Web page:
Sea Level Rise
The Netherlands is protected by more than 10,000 miles of dikes, dams, dunes, sluices, and floodgates capable of snapping shut and holding back the sea. It is estimated that without this protection 65 percent of the country would be submerged. Similar coastal defenses may become a universal need 50 to 100 years from now with the impending rise in sea levels.
Huge glaciers of Greenland, which hold enough ice to raise global sea levels by up to 21ft, are reported to be moving at an accelerating rate and dumping twice as much ice into the sea than five years ago. This can flood some of the world's major population centers, including all of Britain's city ports.
9 to 88 cm Rise Predicted
Rise in sea levels is not only a threat to the smaller islands. More than 70 percent of the world's population lives on coastal plains, and 11 of the world's 15 largest cities are on the coast or estuaries. Sea levels rose between 10 and 20 centimeters (4-8 inches) over the 20th century. During the 21st Century the rise is predicted to be 9 to 88 cm. Even a small amount of rise in sea level is feared to have the following profound effects:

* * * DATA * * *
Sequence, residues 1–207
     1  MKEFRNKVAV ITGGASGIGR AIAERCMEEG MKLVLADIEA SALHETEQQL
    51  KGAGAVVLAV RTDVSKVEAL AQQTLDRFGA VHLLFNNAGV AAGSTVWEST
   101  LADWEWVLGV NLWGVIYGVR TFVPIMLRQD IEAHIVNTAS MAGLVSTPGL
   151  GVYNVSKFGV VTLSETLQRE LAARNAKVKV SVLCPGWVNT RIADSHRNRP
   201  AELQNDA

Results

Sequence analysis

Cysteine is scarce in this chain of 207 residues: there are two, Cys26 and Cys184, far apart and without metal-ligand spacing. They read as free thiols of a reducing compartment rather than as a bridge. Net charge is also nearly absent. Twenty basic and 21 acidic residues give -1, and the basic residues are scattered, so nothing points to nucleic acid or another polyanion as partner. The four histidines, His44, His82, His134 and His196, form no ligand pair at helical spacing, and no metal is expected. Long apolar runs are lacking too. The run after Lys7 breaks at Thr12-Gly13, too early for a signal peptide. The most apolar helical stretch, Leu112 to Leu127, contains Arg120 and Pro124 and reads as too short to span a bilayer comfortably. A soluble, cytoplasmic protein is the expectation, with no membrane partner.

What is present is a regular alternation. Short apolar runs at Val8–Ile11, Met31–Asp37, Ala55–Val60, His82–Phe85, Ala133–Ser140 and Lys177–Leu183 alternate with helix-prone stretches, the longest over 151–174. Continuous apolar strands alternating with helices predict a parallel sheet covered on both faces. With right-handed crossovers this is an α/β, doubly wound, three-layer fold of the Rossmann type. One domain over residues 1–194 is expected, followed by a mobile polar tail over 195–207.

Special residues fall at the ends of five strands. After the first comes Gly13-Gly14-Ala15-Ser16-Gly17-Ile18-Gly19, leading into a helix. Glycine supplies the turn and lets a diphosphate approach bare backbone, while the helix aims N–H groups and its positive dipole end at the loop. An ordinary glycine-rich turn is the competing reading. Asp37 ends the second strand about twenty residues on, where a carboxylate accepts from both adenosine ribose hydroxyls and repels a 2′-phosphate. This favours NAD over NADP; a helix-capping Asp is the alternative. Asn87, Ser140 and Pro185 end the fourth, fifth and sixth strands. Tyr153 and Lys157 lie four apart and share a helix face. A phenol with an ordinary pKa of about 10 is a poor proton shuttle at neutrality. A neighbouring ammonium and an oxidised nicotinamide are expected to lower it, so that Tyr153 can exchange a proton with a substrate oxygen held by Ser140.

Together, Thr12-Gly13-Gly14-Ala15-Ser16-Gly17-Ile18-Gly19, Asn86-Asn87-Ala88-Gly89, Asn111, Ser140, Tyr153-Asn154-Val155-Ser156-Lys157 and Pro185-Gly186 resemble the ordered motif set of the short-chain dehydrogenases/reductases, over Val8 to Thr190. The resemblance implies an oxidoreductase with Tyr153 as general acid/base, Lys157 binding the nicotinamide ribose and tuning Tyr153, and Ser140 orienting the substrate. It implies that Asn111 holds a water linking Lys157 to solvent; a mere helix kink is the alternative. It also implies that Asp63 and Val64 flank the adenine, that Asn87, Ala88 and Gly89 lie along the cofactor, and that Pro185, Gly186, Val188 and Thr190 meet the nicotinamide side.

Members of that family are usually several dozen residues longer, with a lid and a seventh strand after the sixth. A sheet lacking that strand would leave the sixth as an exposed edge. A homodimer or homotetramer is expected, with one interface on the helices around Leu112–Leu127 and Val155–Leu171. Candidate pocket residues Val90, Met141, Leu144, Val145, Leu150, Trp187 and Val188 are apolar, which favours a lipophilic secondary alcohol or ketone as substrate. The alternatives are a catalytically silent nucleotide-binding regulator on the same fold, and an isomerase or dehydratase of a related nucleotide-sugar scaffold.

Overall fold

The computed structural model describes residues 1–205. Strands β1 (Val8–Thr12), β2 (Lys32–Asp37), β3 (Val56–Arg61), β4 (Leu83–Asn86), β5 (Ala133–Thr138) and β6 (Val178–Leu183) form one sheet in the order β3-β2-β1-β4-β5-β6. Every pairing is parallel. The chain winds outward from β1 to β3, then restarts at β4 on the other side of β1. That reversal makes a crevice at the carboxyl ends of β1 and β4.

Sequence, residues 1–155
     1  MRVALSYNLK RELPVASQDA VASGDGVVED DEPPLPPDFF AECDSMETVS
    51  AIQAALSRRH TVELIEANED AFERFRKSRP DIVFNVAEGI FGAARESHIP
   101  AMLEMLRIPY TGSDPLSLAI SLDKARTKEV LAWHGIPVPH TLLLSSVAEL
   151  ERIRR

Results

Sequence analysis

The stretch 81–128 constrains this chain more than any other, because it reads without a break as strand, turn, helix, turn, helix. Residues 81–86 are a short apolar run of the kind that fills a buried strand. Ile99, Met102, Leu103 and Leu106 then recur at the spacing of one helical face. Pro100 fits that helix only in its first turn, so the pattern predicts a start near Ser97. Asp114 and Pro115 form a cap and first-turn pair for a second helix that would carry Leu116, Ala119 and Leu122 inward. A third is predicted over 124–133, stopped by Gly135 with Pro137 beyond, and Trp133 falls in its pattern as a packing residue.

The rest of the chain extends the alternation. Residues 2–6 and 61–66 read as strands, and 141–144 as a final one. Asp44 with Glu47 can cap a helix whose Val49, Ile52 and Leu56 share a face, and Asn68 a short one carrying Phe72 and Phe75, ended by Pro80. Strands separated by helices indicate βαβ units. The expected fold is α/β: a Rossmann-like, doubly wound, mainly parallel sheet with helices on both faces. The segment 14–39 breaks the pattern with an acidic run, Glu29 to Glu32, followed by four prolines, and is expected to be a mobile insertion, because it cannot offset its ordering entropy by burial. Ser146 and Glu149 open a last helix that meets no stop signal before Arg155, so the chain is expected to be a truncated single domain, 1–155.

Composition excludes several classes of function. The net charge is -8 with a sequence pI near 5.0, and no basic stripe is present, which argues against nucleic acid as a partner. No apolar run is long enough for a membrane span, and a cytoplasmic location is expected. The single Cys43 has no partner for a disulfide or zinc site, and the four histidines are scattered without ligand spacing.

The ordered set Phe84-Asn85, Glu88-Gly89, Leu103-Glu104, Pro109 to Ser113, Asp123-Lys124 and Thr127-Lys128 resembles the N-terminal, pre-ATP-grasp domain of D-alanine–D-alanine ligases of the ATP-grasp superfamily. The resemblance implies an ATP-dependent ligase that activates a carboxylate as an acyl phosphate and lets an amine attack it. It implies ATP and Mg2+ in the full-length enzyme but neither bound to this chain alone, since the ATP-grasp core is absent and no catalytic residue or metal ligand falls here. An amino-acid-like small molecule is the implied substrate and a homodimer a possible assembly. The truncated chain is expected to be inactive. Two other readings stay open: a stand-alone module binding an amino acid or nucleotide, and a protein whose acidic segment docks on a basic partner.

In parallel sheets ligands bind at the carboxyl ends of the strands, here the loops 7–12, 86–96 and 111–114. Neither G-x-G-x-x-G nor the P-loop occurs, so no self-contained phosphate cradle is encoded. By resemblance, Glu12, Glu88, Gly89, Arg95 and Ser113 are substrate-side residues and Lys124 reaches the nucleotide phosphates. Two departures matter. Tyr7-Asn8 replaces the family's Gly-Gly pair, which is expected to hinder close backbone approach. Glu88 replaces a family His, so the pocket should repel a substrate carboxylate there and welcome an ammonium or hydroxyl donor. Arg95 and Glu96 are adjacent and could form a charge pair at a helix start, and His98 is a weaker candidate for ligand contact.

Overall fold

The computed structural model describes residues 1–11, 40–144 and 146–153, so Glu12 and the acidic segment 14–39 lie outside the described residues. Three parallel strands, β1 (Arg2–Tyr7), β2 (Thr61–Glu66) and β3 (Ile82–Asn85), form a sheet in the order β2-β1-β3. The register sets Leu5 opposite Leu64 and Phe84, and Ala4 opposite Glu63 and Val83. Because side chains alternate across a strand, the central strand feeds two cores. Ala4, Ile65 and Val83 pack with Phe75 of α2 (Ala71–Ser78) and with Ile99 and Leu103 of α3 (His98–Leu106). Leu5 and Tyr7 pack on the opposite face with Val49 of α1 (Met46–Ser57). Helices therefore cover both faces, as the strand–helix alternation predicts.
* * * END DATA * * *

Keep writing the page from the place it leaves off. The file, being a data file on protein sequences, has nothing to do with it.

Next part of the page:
- Coastal flooding and storm damage
- eroding shorelines
- salt water contamination of fresh water supplies
- flooding of coastal wetlands and barrier islands
- an increase in the salinity of water
- will affect beaches, freshwater, fisheries, coral reefs and atolls, and wildlife habitat
28,700,000 Cubic Kilometers of Icecaps
The world’s icecaps and glaciers in various mountain regions of the world, including grounded ice in Antarctica and Greenland, total 28,700,000 cubic kilometers. In the last ice age the total ice volume was about 3 times greater and world sea levels about 120 meters lower. Global temperatures during that period were also 5 degrees C (9 degrees F) lower than today. This is because much of the ocean's water was tied up in glaciers.
Sea levels are rising because of all the greenhouse gasses we have emitted till date and what we are going to emit in future. Melting ice and thermal expansion of the oceans (water expands as it heats up) are expected to contribute equally to this rise.
According to climate models, satellite data and hydrographic observations, sea level rise around the world is not exactly uniform. While in some areas it has risen above the global mean rise, in other areas it has actually fallen.
‘Rise Preceded Carbon Dioxide Emission’
It is pointed out that for the last 20, 000 years rise in sea levels have been the norm and not an exception. The average rate of sea level rise in this period was 60 centimeters per century. The sea level rise for the last 150 years has been constant while there has been a 100-fold rise in man-made carbon dioxide emissions over the same period. It is pointed out that most of the sea level rise had preceded the carbon dioxide emission period. Though available data is limited there are reports of a sea level rise of about 15 centimeters per century around the mid 1800s.